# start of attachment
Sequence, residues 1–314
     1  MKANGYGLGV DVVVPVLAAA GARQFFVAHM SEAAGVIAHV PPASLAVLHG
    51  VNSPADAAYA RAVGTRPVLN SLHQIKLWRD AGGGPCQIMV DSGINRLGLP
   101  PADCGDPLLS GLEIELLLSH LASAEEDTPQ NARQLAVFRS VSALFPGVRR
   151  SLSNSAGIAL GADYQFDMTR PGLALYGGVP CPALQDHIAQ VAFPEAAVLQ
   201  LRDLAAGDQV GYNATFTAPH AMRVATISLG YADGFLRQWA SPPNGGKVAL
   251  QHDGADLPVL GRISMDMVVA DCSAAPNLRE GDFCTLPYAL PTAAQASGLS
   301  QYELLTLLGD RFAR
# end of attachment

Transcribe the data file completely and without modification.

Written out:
Sequence, residues 1–314
     1  MKANGYGLGV DVVVPVLAAA GARQFFVAHM SEAAGVIAHV PPASLAVLHG
    51  VNSPADAAYA RAVGTRPVLN SLHQIKLWRD AGGGPCQIMV DSGINRLGLP
   101  PADCGDPLLS GLEIELLLSH LASAEEDTPQ NARQLAVFRS VSALFPGVRR
   151  SLSNSAGIAL GADYQFDMTR PGLALYGGVP CPALQDHIAQ VAFPEAAVLQ
   201  LRDLAAGDQV GYNATFTAPH AMRVATISLG YADGFLRQWA SPPNGGKVAL
   251  QHDGADLPVL GRISMDMVVA DCSAAPNLRE GDFCTLPYAL PTAAQASGLS
   301  QYELLTLLGD RFAR